Fortunately, Michael Winterbottom, the prolific and versatile talent behind The Road to Guantanomo, 9 Songs, and Tristram Shandy, supplies a convincing answer. As journalists, the Pearls believed that open dialogue would lead to better understanding. Unlike United 93, which was devoid of context and took liberties with known facts, A Mighty Heart, based on Mariane Pearl’s book, constantly refers to events before and after, to people’s motivations, to reasons, arguments, and possible explanations. The film is dedicated to the Pearl’s son Adam, and like the child that never met his father, we have much to gain from a better understanding of the complexities of what happened, and why.
In films like In This World and The Road to Guantanomo, Michael Winterbottom has perfected a semi-documentary style of filmmaking that relies on real locations, small crews, and serendipity to achieve an immediacy that’s rarely seen on the screen. A Mighty Heart was shot in Pakistan, and the presence of Angelina Jolie, in a wig and sans make-up, rarely distracts from the sense that we’re watching real events. From the teeming streets of Karachi, where Daniel (Dan Futterman) is last seen taking a cab to the guarded house where Mariane anxiously awaits his return, the texture of the film is full of impressionistic details that we couldn’t have gathered from the news. For some reason I can’t quite explain, I was especially touched by the way Daniel holds the microphone of his hands-free headset up to his mouth when he speaks to his wife.
The film narrates, from Mariane’s perspective, the days after Daniel’s disappearance on the way to a dicey interview on January 23, 2002 until his death is confirmed nearly a month later. The Pearl house quickly turns into the headquarters for the uneasy alliance of Pakistani and American agencies who are conducting a hectic search, along with journalists and editors from the Wall Street Journal. Emails and documents are searched for clues. A whiteboard fills with a tangled web of contacts, fixers, and mysterious sheiks. Pearl’s Indian colleague Asra (Archie Panjabi) is a accused of being an Indian spy. A chef is brought in to keep pregnant Mariane well-fed. Colin Powell announces that negotiating with terrorists is out of the question for the U.S. government. Suspects are taken into custody and interrogated. Mariane gives an interview on CNN but refuses to cry. A Pakistani toddler plays in the yard, his arms hennaed with curly patterns. The movie’s frantic bustle releases into an explosion of grief when Mariane finds out what we already know.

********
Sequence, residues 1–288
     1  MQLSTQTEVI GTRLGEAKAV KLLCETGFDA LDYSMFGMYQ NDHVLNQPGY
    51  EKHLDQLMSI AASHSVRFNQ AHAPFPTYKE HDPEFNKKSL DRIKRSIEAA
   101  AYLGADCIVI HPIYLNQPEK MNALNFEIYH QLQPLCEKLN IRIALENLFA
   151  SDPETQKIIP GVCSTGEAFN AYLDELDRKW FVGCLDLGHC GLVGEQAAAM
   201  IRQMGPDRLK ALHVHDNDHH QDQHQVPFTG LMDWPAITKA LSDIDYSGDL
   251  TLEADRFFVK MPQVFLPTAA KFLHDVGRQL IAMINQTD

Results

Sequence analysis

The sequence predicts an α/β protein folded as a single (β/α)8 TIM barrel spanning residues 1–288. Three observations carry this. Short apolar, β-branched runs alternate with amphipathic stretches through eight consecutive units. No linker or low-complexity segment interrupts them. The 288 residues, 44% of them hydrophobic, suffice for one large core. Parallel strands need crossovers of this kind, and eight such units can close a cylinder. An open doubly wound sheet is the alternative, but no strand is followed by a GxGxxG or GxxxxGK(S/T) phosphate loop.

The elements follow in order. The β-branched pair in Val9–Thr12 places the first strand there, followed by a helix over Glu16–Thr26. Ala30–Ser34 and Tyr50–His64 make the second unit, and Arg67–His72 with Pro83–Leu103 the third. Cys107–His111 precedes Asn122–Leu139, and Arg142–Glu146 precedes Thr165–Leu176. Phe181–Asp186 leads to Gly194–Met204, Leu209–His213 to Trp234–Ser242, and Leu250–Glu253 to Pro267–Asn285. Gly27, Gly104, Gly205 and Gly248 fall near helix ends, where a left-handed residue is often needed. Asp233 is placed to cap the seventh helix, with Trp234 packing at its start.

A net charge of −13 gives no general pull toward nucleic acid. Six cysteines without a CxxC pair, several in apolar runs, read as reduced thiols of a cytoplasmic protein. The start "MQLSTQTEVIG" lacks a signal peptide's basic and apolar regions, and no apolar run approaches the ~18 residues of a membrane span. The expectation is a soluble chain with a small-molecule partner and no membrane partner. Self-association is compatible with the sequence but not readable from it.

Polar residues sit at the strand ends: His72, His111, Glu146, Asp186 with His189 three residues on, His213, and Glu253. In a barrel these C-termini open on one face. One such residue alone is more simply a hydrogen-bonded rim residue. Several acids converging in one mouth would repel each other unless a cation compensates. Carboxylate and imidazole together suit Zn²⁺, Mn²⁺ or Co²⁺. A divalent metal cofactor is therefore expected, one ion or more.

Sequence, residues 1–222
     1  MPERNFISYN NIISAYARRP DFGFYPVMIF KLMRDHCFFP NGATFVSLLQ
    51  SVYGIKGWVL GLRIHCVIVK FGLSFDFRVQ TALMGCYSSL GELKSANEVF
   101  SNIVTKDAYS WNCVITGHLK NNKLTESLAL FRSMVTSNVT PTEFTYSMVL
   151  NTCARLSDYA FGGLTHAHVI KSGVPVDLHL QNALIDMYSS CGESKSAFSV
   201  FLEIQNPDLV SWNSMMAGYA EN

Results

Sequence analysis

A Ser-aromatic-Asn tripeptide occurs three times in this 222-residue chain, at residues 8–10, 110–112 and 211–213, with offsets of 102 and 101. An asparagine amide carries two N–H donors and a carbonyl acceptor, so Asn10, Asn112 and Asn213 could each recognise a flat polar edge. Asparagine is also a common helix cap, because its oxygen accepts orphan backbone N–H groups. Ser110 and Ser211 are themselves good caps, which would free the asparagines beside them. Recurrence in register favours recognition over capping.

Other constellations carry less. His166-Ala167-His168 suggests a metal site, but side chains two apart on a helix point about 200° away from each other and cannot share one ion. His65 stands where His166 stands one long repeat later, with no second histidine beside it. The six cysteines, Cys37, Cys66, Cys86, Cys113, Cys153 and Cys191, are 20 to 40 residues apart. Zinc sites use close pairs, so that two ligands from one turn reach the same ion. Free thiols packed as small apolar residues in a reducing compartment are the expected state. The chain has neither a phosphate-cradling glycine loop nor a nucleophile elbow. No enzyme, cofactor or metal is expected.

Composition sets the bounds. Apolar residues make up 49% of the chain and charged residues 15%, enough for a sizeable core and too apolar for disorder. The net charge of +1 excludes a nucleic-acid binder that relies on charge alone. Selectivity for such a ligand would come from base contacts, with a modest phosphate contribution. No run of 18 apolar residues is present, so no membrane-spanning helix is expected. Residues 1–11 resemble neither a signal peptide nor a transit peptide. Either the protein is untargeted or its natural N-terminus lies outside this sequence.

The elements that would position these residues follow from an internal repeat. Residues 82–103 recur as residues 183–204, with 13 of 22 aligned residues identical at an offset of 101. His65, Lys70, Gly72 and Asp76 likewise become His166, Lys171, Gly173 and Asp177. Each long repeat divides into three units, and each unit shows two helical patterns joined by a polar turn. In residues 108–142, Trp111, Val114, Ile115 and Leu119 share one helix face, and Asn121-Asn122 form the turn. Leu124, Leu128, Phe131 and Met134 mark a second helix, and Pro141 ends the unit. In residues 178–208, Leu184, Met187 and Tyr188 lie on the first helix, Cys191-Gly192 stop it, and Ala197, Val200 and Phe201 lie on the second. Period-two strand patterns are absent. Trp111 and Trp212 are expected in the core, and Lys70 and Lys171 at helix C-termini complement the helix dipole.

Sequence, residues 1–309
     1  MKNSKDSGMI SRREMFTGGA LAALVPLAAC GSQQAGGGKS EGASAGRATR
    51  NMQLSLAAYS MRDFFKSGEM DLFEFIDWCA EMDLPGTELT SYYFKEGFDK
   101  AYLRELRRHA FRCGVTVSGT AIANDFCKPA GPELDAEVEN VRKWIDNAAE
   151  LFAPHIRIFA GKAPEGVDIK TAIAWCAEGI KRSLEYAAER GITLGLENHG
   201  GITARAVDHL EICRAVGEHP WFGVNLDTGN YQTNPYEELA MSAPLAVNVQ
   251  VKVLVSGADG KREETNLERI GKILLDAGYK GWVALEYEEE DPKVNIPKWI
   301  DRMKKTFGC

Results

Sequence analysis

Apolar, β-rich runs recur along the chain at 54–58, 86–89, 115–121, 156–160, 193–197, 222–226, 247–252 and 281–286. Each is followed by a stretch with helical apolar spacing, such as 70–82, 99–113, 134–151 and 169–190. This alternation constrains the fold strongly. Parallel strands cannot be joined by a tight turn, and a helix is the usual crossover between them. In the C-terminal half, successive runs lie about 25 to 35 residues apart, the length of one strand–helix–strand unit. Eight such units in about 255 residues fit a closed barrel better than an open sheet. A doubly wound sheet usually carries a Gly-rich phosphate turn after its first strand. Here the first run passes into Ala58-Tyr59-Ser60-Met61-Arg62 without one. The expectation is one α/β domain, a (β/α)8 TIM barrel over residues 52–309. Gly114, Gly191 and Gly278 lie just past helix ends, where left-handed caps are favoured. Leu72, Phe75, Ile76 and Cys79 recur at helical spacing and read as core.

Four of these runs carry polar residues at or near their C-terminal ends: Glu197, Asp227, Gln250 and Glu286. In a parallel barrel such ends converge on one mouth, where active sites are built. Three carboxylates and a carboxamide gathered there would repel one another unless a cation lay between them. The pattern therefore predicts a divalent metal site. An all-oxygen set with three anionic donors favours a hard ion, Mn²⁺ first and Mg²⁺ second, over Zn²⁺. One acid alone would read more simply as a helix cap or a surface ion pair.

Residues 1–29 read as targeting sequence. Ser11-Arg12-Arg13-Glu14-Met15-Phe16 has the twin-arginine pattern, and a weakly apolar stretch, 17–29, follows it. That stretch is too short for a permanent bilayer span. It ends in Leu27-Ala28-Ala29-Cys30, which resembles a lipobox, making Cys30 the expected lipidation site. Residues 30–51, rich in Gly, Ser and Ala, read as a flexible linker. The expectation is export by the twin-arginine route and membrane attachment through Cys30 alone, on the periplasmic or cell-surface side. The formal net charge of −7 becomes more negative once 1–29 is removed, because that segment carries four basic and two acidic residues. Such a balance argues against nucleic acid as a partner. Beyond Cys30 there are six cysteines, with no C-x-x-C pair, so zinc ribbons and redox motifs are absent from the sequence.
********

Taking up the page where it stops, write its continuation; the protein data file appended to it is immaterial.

A Mighty Heart opens next Friday.
A Mighty Heart. Michael Winterbottom, 2007. ****
AKA the Danish movie that didn’t win the Oscar. Susanne Bier’s drama about a Dane who runs an orphanage in India but has to return to Copenhagen to ask a wealthy man for money is the kind of tale that loses a lot in the telling, and even more if it’s told in advance. It’s a very good movie, so I won’t spoil it. You’ll have to contend with the director’s statement and four stars:
After the Wedding is a film about secrets. About how you live close together, love each other and how it is being part of a family… And about how you can keep deep and important truths hidden from the people you love without really feeling any shame.
Efter brylluppet. Susanne Bier, 2006. ****